This condition allows the customer to run some code on demand, that is, extend part of server logic to the client, either through an applet or scripts. Thus, different customers may behave in specific ways even using exactly the same services provided by the server. As this item is not part of the architecture itself, it is considered optional. It can be used when performing some of the client-side service which is more efficient or faster.
Sharepoint REST Services Architecture
SharePoint data and objects can be accessed using any technology that supports REST web requests like the ones shown in the picture below. This ability of SharePoint 2013 opens the boundaries of integration and collaboration with other REST based platforms and devices.
As the REST service architecture in the preceding figure shows, a HTTP request using the OData protocol is sent to SharePoint and your application will receive the response in JSON or ATOM format that your client application needs to parse and utilize.
The HTTP request is handled by the “client.svc” web service in SharePoint 2013. The “client.svc” web service internally calls the server object model that retrieves data from the SharePoint content database as shown below. SharePoint Apps are built using these architectural concepts.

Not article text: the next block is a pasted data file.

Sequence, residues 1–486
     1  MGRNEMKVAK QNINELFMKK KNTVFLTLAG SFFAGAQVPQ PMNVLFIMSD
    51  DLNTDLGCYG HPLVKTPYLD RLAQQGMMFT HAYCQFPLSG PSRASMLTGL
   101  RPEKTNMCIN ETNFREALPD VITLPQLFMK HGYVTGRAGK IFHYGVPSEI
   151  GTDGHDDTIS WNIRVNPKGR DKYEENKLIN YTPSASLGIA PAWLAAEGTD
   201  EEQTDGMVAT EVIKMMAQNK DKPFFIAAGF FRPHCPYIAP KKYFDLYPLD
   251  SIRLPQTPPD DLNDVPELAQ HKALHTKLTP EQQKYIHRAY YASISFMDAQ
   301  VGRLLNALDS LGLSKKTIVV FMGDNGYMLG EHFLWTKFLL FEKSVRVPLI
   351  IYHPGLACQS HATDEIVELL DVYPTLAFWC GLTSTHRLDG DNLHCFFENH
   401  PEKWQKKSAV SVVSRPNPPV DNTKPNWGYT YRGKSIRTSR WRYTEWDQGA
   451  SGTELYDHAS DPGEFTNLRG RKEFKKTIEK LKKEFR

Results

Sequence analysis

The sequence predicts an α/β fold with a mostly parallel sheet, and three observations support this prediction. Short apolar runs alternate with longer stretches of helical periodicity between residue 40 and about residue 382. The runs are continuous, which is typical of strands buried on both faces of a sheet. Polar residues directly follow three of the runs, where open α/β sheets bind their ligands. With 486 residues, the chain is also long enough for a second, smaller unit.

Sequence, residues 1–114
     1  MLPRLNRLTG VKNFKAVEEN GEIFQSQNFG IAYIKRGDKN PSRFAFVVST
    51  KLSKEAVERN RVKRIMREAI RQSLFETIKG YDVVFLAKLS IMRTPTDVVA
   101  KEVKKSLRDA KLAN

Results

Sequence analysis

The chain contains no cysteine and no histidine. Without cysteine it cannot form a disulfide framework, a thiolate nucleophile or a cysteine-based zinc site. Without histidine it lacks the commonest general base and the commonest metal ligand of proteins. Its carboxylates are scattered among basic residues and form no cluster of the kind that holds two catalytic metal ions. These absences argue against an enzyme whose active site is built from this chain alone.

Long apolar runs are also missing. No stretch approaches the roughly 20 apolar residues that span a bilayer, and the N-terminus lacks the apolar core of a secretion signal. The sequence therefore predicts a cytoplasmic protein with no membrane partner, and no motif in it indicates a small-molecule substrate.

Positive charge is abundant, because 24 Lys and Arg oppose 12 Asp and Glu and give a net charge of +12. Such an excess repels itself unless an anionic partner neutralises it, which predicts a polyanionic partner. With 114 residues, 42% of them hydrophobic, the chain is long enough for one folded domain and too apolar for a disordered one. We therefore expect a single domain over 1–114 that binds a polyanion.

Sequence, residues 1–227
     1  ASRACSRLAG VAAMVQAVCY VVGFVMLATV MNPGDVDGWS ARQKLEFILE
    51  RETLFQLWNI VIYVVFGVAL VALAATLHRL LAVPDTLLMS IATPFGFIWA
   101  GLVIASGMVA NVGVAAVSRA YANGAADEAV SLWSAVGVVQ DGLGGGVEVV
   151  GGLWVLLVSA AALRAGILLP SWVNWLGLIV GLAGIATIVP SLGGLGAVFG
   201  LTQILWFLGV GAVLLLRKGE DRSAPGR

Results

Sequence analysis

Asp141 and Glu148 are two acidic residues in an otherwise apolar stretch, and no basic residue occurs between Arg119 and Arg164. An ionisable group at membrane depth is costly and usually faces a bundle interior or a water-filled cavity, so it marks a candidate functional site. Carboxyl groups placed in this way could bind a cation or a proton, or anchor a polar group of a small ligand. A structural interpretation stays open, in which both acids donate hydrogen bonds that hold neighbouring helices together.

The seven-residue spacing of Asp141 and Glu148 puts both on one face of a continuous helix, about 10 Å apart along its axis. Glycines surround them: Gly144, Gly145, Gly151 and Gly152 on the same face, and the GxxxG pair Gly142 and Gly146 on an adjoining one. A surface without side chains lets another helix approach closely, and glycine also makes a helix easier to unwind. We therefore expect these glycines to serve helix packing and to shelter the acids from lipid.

REST Syntax URIs
While constructing REST URIs, follows the below general syntax. Http protocal with tagging server name of the sharepoint site application. In sharepoint 2010, using ‘ListData.svc’ service to get the sharepoint list items. Further, the ‘Client.svc’ service been introduced, to get the List data and oData (Open Data Protocal) operation. The ‘client.svc’ used to tag in sharepoint like “http://ServerName/_vti_bin/client.svc/” then started to constuct the URIs as “http://ServerName/_api/’. The “_api” is a friendly name, since it is easier to read.
REST is more simple and easy to use. It uses HTTP protocol for producing or consuming web services and is lightweight as compared to others, supports different format like text, JSON and XML, web services call can be cached to improve performance. The web services http methods like GET, PUT, POST and DELETE can be used to perform CRUD operations.